The UN Is Now Crowdsourcing Ideas from the Events Industry

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The UN Is Now Crowdsourcing Ideas from the Events Industry

By Johnalee Johnston | Sep 16, 2019

The wheel of global sustainability is slow-turning, prompting the United Nations to ask for help from an industry that is both part of the problem and solution.    

The UN’s Sustainable Development Goals (SDGs) address the inseparability of poverty, inequality, climate, environmental degradation and justice as they relate to long-term human and planet preservation. Each touch point—social, economic and environmental—has a measurable, collective impact on our ability to sustain life on earth. With a 2030 goal for bringing these currently discordant notes of humanity back into harmony, and thus, humanity back from the prophesized brink, the UN has launched a plan so crazy it may very well save us all.

Crowdsourcing has been around for nearly 15 years, which is consequently the same amount of time that Fiona Pelham, CEO of Positive Impact Events, has been combining her passion for sustainability and events. Fiona was the youngest female in history to chair an ISO standard in 2012, which happened to be a management system for event sustainability inspired by the London 2012 Olympic and Paralympic Games. In 2016, she became the first European female to chair Meeting Professionals International (MPI). And as the UN crowdsources actionable ideas across industries for speeding up progress toward its 2030 SDG agenda for the first time ever, Pelham can now add proponent of the UN’s Acceleration Action plan to her resume.

Accelerating Positive Impact Events

Pelham and her team at Positive Impact Events have submitted an acceleration action to the UN SDG Summit, to be held this September 24-25 at the UN Headquarters in New York. The meeting of minds, which is the first UN summit since the adoption of the 2030 SDGs agenda in 2015, will formerly take stock of sustainability progress. Pelham’s acceleration action includes more than 7,000 industry commitments made during an August My World 2030 survey, which in her words, essentially say, “Hey, look at the events industry as a way to get toward the goals more quickly. Look, this is the impact that our industry can have.”

Pelham’s acceleration action to the UN Sustainable Development Goals includes more than 7,000 industry commitments.

The survey allowed those in the events industry to rank their individual sustainability concerns within the SDGs criteria and then offered actionable steps for mitigating the issue. For example, on the issue of climate change, the primary concern of all surveyed, the pivot toward sustainability included offering more plant-based meals and incentives for using public transportation. These steps were followed up with an analysis on what carbon emissions could be saved if everyone in the events industry who attended events—an estimated 1.5 billion people annually, according to the Events Industry Council—used public transportation during an event.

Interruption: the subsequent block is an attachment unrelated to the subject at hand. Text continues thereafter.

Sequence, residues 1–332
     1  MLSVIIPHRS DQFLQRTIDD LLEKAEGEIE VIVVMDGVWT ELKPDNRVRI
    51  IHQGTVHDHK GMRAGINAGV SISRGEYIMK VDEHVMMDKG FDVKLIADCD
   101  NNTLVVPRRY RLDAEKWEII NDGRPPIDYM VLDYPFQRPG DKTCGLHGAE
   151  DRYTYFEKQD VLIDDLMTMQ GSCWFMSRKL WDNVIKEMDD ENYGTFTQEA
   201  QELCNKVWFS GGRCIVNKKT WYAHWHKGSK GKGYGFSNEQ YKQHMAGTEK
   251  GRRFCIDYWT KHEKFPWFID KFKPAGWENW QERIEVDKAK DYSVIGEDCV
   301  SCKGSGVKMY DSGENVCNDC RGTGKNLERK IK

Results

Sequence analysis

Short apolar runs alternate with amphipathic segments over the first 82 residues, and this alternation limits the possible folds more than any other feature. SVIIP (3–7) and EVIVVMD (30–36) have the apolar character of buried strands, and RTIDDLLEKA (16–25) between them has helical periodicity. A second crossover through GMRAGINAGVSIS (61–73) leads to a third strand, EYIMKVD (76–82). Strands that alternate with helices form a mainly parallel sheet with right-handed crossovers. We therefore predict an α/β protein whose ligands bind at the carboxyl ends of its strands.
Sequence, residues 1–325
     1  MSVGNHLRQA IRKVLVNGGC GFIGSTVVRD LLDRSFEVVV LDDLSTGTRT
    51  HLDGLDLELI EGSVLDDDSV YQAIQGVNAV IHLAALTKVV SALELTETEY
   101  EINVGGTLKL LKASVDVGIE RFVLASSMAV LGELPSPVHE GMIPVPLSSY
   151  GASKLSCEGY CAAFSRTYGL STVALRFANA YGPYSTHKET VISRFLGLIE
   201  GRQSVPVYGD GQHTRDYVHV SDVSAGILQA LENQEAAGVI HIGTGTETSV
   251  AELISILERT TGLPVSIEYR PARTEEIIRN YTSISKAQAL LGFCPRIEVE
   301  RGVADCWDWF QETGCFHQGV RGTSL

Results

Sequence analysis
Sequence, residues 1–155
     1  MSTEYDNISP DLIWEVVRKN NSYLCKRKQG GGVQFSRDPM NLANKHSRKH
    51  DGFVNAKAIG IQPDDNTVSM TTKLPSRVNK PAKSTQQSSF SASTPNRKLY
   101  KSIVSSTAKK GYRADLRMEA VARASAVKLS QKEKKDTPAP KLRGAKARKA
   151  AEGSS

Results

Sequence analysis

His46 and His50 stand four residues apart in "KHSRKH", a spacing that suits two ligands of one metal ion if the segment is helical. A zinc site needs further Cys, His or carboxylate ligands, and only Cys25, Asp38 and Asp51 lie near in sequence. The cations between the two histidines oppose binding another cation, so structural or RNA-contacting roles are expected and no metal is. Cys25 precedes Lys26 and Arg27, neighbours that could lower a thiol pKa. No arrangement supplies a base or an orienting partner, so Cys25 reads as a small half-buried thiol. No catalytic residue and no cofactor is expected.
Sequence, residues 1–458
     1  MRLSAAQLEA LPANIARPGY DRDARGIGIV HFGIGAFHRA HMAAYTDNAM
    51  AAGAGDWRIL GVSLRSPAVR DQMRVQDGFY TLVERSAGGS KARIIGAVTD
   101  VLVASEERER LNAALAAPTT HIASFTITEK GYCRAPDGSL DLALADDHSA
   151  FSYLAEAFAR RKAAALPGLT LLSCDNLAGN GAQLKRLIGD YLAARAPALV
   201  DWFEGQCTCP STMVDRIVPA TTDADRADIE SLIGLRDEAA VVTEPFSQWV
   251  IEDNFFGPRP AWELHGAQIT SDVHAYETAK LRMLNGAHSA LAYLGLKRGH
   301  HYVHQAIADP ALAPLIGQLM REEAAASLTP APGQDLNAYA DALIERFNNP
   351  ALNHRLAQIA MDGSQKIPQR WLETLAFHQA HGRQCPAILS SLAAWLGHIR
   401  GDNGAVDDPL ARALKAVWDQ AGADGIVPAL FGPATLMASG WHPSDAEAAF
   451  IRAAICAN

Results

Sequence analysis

The sheer size of the events industry, equivalent to the automobile industry in the US, according to research by MPI, makes it a catalyst for any kind of social change. Pelham thinks the backbone of the events industry—that of face-to-face meetings—could be its saving grace when it comes to sustainability.  

“Sustainable development goal No. 17—more partnerships—is often described as the goal that makes all the other goals possible,” she says, adding that the action or “magical potential” that makes partnerships possible is meeting or “collaborating, connecting, engaging, inspiring and educating.”

Part of this collaboration includes recognizing the “canary in the coalmine,” Pelham says, when it comes to the integration of legacy industries like energy sectors beyond the periphery of the sustainability conversation. The shining beacon of hope in the equation is education, however, or providing more information on how to live and work sustainably at the university level. This would lead to a change in the narrative that could ultimately place the events industry in a creative vs. reactive state. Historically, the events industry has take a defensive approach.

“The events industry is vital in achieving the UN’s Sustainable Development Goals,” Pelham adds. “And we have a huge opportunity to change our industry.”  

Take Action

Between funding partners and ambassadors, the outreach of Positive Impact is close to 2 million people worldwide. Pelham is rallying the troops during the summit on social media with #Act4SDGs and the question: How are your events making a positive difference and positive impact?

To rank your sustainability challenges and join the movement, take the Positive Impact Events survey here.

 

Author

Johnalee Johnston
Johnalee Johnston

Johnalee Johnston is a wildly creative and curious disruptor of the status quo and MPI’s digital editor.